Eventually, I was assigned a single cubicle, which offers a steel bed with an ultrathin “mattress,” a chair and two small lockers. It is delineated by four-foot-high metal partitions, the kind normally used to form bathroom stalls. Sometimes I write in the cubicle now, on top of my locker, in the shadows, as men snore through their ESPN hangovers. From a distance, I listen to the dayroom dialogue—the phrasing, expressions, prison slang—and catch myself repeating sentences out loud to remember them, to practice their sounds.
Prison has helped me to recognize my behavior as that of a privileged white man. The poverty I’ve endured in prison, the exploitation—paying five dollars for a jar of instant coffee on a prisoner’s salary of six dollars a week—has changed my perspective. Painstakingly, I’ve learned empathy and compassion.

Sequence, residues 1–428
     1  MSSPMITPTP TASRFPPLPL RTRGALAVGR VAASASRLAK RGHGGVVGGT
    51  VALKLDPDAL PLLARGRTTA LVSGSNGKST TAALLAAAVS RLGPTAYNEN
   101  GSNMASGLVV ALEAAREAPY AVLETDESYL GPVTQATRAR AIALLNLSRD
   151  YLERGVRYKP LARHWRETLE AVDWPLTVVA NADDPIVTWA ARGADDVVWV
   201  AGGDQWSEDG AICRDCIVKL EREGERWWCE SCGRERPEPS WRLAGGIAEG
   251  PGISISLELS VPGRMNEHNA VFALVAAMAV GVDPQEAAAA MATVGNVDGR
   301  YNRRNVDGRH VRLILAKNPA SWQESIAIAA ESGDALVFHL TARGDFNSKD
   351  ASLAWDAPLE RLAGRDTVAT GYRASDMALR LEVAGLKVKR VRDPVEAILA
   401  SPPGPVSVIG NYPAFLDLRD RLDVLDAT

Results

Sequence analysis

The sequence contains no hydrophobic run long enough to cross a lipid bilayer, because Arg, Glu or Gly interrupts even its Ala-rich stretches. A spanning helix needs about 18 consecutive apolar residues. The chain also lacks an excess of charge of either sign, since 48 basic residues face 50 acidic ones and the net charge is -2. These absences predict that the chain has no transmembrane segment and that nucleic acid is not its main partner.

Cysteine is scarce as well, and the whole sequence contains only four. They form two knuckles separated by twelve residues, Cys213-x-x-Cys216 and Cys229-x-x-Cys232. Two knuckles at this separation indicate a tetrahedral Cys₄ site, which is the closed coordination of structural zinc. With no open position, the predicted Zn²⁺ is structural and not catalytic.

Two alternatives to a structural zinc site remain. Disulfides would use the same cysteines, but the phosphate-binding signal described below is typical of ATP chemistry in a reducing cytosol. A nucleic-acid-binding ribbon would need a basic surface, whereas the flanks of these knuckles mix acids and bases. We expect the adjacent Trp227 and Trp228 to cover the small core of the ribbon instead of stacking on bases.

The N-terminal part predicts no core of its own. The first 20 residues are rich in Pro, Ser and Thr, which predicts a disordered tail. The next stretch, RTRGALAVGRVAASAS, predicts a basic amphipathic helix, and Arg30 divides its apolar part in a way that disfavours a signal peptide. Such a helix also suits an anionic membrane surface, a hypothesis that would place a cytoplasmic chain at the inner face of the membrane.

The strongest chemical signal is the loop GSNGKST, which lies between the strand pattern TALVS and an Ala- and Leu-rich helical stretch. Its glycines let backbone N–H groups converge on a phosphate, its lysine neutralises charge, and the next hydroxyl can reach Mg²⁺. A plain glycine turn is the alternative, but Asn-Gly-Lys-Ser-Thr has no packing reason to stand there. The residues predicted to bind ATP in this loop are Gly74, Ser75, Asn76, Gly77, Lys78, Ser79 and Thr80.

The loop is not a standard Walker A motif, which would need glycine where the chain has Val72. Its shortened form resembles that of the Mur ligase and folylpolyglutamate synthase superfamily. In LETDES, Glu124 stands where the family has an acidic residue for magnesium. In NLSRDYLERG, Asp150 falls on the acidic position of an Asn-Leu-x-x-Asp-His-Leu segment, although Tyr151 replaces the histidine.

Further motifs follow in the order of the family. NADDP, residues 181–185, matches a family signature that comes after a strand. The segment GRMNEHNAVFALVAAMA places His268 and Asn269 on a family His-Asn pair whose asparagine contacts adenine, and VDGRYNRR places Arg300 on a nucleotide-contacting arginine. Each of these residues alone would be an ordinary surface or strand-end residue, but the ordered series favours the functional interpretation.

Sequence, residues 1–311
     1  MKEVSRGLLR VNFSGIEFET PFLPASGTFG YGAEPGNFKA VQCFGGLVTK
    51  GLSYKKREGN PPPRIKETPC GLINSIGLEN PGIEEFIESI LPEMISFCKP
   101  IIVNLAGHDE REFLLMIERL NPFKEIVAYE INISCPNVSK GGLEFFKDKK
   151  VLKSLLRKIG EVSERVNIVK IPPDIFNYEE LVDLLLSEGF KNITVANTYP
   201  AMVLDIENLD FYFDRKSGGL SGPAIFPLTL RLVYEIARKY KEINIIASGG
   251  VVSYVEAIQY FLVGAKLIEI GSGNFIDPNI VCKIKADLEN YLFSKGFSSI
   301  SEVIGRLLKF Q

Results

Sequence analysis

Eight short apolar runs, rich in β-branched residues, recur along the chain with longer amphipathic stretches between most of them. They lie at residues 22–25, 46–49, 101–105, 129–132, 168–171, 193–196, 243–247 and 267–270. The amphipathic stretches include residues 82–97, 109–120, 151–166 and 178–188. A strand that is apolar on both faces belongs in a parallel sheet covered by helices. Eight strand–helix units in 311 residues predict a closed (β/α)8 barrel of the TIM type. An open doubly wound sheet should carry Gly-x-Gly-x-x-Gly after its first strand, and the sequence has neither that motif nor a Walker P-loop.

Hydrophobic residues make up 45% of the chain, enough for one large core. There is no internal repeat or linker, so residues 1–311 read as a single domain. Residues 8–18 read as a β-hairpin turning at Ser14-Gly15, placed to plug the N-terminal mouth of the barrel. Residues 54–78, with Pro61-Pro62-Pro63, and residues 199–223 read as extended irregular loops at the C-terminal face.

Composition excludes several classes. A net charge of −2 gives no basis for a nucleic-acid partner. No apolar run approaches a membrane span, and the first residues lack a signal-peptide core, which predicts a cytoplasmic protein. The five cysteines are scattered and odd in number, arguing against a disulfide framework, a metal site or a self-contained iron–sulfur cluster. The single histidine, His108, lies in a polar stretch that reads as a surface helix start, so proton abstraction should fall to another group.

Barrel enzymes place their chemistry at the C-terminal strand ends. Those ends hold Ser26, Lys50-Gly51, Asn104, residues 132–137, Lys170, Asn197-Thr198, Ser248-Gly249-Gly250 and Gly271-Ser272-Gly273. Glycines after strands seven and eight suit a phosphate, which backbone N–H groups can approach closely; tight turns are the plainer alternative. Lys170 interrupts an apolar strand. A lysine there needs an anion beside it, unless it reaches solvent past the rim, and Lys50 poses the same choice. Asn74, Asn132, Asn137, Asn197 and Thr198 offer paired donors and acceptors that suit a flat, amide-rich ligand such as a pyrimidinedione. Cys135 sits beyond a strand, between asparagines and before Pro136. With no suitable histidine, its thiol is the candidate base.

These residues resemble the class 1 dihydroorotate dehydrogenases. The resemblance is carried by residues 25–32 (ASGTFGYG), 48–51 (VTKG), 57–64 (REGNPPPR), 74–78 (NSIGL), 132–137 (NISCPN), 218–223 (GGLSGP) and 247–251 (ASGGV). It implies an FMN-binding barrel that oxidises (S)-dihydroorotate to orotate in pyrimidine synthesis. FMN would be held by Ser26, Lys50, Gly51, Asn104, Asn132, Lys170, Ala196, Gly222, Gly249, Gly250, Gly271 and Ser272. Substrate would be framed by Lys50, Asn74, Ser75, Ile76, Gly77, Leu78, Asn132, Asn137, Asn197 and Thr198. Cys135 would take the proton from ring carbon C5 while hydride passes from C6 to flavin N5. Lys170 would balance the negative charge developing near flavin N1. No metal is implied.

I used to be deluded about the lives of those less fortunate than me as I had spent most of my free life basking in hedonism. Decadent nightclubs, expensive restaurants, exotic vacations on idyllic islands…
I would be up late, high, wandering from room to room in my ramshackle 100-year-old Victorian home; hungover, I struggled to get up in the morning and be at work by noon. In prison, the pleasure and challenges of writing propelled me to wake at 5 am, slam down a big mug of instant coffee and write—essays, letters and lectures that I present in prison programs. By 9 am, I had a small pile of pages, an accomplishment that had never happened when I enjoyed, and abused, my freedom.